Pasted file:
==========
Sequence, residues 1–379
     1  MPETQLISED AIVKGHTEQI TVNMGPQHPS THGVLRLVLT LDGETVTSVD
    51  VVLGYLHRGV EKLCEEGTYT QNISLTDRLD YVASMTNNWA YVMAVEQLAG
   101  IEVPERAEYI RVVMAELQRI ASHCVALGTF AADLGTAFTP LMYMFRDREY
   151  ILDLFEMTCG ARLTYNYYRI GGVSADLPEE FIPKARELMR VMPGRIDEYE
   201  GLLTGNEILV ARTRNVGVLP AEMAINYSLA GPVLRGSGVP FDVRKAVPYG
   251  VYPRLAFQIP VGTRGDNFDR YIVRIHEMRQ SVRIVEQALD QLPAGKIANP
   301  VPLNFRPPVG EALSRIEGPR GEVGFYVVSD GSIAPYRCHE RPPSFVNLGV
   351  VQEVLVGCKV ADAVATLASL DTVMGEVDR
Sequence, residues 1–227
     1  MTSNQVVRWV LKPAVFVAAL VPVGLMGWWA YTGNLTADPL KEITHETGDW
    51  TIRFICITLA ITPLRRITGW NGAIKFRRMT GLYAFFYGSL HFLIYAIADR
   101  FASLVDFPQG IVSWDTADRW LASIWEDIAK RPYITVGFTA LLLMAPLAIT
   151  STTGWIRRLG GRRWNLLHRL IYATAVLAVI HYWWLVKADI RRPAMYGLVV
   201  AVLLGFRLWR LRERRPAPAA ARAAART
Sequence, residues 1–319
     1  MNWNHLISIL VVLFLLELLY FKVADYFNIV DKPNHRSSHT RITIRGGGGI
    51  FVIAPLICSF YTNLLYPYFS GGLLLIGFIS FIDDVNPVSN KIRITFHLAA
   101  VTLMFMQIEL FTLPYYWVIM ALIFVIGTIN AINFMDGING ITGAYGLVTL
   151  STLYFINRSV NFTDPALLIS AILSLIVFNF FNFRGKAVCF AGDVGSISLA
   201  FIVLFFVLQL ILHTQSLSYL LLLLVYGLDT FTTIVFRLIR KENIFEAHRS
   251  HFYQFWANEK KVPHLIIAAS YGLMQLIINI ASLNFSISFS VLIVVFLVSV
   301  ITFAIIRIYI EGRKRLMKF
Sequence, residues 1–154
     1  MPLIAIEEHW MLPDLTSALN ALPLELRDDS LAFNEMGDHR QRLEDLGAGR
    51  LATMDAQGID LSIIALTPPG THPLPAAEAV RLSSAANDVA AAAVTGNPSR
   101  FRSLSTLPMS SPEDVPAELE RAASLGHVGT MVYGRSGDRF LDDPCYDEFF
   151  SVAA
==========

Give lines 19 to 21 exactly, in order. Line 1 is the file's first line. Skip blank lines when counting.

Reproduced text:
   101  VTLMFMQIEL FTLPYYWVIM ALIFVIGTIN AINFMDGING ITGAYGLVTL
   151  STLYFINRSV NFTDPALLIS AILSLIVFNF FNFRGKAVCF AGDVGSISLA
   201  FIVLFFVLQL ILHTQSLSYL LLLLVYGLDT FTTIVFRLIR KENIFEAHRS